Simple Liberty  



Is Life Valuable?

Written by Darrell Anderson.

I do not intend to discuss whether I support or reject the concept of human abortion. By abortion, I mean the voluntary termination of a pregnancy before birth.

I accept the straightforward principle of each human possessing sole rights to his or her body except when trespass occurs. Yet, I wonder in the long scheme of things whether the so-called “right to choose” is healthy with respect to abortions.

A foundational question is not whether a woman possesses a right to choose, but how much do humans collectively value life?

Humans embrace certain abstract concepts such as self, property, rights, contracts, and consent. They embrace these concepts to reduce conflict and the potential for violence.

As far as I can tell, humans are an animal species and do not have to embrace these ideas. Regardless of one’s beliefs about human origins, humans can reject these concepts. If one believes that humans evolved naturally, then humans are merely sophisticated animals that, through these concepts, try to modify certain instinctive desires that tend to improve the chances of survival. If one supports a religionist theory of origins, then humans are devolving because of a sinful nature. Yet, if one embraces such a religionist view, one must also recognize the power to choose. Thus, the subject of origins is immaterial in these discussions because humans have the ability to choose any social system they want.

If humans are to embrace a woman’s right to choose and to abort a pregnancy at any time, then why should humans embrace any social concepts at all? Why not just accept the simpler principle of biological raw acquisition, or, might makes right? Why bother with these other complicated social principles? Without those principles the entire discussion about abortion is relegated to the mere biological realm.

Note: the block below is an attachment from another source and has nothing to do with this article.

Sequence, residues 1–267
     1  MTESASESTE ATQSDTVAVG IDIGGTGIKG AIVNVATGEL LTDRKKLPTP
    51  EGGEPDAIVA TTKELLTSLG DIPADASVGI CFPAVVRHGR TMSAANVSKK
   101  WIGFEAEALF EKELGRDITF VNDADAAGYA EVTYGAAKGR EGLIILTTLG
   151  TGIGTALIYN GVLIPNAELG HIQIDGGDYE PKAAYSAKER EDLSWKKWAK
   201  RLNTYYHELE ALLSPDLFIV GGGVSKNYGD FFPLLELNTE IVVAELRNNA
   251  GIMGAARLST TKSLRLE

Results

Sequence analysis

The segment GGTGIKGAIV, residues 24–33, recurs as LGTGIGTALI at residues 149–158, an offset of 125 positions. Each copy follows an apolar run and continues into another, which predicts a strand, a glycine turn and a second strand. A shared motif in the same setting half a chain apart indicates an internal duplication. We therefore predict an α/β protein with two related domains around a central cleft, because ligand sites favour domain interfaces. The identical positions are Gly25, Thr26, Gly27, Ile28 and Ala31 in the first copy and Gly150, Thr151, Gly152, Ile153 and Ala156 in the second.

The entire reason for embracing these concepts is to sustain life with less conflict and violence. Seems to me that many people embracing the concept of abortion ignores those concepts.

I do not know if any woman should be allowed to abort a pregnancy, or if certain situations warrant such a decision. I believe such a decision is exceedingly personal and should be left to that realm of decision-making. Yet, if humans choose to embrace these other concepts, then I would think humans should reject the concept of abortion-at-will except in distressing situations. A blanket approval of abortion-for-convenience seems to contradict many concepts that humans currently embrace.

Either these concepts make sense or they do not. If they do not, then there is nothing “wrong” with abortion. If the concepts do make sense, then humans should value all life rather highly. That does not mean there might not be times when aborting a pregnancy is sensible, only that aborting pregnancies would seldom occur. However, many people embracing the modern abortion philosophy demonstrate that life is not valued highly. By implication then, they cannot value highly the other concepts either. Therefore, taken to a logical conclusion, the concept of self is meaningless, and humans actually are surviving by mere biological raw acquisition and might makes right. That means humans are indistinguishable from other animal species.

Because the violent philosophy of statism is so prevalent in today’s world, one has a difficult time rebutting this conclusion. People embracing the philosophy of statism reject the concept of self.


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